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RE: Anti-spam email links in Javascript

for

From: Cheryl D. Wise
Date: Apr 16, 2004 1:20PM


I suspect that those using verification required autoresponders sending
codes may in turn either be blocked by other people's spam filters or that
the recipients will not respond with the appropriate confirmation.

I tend to be in the latter group. I get requests for "verification" and
usually can them. I simply don't trust them. Too many reports that some of
the verification systems (especially free ones) have sold the "verified"
email addresses. Many businesses also limit internet access for their
employees, allowing only "approved" sites, frequently cached versions. Which
would eliminate their ability to be verified. I know a couple of
corporations that to that.

Personally I prefer either a form which has the added benefit that those
using a public computer and online email as opposed to pop/imap mail can
still easily send a response or a plain unadorned email address that can be
run through spam filters. Yes, no matter what you do you risk missing some
people which is why a telephone number and/or snail mail address is still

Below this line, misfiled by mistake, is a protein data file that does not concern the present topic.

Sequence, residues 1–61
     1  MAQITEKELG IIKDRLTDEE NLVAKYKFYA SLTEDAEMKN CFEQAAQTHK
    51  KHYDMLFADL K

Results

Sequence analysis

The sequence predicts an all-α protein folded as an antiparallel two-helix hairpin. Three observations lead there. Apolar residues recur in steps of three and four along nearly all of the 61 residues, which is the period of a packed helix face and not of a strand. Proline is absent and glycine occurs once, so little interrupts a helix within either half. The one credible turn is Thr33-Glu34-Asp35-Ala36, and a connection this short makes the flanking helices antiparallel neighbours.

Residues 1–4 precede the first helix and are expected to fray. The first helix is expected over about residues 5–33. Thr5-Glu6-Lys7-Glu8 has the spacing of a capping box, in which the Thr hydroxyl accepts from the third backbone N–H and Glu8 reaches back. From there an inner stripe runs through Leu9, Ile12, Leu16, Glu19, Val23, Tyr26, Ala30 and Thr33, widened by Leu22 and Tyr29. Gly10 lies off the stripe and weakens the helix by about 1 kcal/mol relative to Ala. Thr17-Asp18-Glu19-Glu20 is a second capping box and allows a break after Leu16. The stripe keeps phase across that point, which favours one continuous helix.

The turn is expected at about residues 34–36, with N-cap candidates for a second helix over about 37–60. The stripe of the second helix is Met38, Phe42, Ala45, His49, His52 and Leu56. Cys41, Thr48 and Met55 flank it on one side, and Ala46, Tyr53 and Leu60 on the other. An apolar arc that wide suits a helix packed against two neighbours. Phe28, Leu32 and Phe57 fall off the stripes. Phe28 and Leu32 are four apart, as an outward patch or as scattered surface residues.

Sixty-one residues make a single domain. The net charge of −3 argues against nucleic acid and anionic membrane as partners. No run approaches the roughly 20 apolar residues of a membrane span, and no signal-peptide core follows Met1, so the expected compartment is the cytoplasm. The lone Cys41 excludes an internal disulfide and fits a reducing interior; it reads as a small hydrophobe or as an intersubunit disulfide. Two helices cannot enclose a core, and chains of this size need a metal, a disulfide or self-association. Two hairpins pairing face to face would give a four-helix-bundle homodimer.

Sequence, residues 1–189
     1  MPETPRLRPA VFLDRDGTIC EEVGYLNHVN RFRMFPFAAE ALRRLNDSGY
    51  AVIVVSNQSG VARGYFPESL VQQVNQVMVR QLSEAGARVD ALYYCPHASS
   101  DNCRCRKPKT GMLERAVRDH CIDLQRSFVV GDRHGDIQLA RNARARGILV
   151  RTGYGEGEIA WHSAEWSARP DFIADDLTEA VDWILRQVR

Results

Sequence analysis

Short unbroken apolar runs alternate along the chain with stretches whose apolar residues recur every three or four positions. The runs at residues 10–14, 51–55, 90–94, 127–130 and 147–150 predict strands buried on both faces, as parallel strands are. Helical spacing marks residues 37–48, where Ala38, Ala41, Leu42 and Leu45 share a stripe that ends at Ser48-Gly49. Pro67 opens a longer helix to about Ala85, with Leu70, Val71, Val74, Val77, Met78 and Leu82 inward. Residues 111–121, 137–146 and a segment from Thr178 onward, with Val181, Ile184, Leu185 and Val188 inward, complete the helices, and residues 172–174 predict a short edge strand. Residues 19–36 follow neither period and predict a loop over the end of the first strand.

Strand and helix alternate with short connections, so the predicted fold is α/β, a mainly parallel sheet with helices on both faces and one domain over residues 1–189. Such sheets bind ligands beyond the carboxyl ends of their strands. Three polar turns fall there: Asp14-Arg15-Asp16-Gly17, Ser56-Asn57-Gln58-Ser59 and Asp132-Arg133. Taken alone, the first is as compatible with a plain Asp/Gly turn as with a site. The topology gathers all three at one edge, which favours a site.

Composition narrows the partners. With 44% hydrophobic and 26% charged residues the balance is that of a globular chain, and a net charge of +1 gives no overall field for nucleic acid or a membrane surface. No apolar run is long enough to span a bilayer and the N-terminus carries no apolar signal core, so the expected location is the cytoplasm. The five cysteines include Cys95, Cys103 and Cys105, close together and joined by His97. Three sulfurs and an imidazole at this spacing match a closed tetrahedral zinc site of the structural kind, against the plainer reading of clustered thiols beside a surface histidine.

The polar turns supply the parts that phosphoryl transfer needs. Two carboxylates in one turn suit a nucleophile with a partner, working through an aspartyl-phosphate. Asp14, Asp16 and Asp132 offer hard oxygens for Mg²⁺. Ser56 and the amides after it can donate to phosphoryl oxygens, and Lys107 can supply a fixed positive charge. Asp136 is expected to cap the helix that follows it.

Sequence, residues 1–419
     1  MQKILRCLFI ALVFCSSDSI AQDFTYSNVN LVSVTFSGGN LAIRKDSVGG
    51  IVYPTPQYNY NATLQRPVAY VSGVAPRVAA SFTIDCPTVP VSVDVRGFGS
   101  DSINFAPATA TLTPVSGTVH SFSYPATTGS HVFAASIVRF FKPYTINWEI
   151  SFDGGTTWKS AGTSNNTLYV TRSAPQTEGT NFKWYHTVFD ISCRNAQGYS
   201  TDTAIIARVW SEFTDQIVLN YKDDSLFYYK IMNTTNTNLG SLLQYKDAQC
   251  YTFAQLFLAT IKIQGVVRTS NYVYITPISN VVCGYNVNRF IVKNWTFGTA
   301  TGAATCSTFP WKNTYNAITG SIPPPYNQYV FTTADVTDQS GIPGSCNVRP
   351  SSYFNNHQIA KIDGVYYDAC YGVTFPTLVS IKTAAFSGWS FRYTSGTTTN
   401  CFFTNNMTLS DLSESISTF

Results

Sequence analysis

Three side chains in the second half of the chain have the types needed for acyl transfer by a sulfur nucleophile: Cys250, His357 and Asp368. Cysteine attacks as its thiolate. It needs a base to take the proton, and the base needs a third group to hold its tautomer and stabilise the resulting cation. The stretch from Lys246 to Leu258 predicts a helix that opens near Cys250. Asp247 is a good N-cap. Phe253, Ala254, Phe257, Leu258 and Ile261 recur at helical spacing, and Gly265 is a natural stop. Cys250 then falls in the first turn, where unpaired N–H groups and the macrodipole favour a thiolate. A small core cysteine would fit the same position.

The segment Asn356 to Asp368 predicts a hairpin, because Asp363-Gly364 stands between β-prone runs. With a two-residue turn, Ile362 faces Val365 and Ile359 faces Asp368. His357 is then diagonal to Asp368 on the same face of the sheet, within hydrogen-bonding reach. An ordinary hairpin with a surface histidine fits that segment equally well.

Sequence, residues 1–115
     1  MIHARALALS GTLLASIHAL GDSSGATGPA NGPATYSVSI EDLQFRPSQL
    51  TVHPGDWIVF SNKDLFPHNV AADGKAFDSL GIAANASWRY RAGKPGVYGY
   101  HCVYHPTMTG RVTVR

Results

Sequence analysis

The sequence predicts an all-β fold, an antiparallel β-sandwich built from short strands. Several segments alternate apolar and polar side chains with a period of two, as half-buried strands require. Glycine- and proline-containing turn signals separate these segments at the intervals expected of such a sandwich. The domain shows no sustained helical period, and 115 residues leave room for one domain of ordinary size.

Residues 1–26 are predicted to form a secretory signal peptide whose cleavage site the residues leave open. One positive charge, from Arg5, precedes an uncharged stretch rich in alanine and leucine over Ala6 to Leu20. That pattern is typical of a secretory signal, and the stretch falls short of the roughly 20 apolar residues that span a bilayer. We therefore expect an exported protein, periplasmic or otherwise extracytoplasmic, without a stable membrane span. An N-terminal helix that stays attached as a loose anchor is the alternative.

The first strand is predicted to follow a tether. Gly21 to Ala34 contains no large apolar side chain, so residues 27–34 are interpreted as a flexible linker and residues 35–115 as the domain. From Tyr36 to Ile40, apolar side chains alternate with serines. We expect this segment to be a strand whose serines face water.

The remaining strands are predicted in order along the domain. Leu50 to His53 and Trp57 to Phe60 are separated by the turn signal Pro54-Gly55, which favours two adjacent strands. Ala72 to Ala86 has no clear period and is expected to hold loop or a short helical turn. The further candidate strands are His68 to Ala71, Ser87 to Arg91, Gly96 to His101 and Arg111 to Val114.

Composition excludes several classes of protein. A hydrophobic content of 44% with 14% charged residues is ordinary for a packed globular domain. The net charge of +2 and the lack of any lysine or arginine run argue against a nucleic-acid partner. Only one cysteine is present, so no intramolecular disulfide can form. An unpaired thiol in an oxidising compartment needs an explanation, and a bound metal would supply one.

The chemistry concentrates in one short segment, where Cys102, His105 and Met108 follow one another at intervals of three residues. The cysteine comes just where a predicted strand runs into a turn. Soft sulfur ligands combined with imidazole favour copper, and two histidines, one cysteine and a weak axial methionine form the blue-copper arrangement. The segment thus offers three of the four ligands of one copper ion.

important.


Cheryl D. Wise
Certified Professional Web Developer
MS-MVP-FrontPage
www.wiserways.com
mailto: <EMAIL REMOVED>
713.353.0139 Office

-----Original Message-----
From: Terence de Giere

Besides obfusticating an email address in various ways, some of which are
not accessible, there are other ways of handling spam, although a slight
inconvenience or an annoyance for those wanting to contact you may be a
side-effect the first time they try to contact you.

There are applications like Zaep that check for valid e-mail addresses
before accepting an e-mail; if it is valid, it sends out an e-mail message
(which you can customize) with a software key to the person contacting you
for confirmation that they actually sent you a message from that address.

<snipped>

And the main drawback is some users are annoyed when receiving an e-mail
message that tells them their e-mail will only be delivered to you if they
respond to the verification e-mail, which typically involves visiting a site
from a passkey link in the e-mail.
Once they visit the site, they see a web page confirming that their email
will then be allowed from then on. It would appear that this particular
system involves the software vendor's server to display the confirmation
message page and send the passkey to the anti-spam application on your
computer to unblock that e-mail address.


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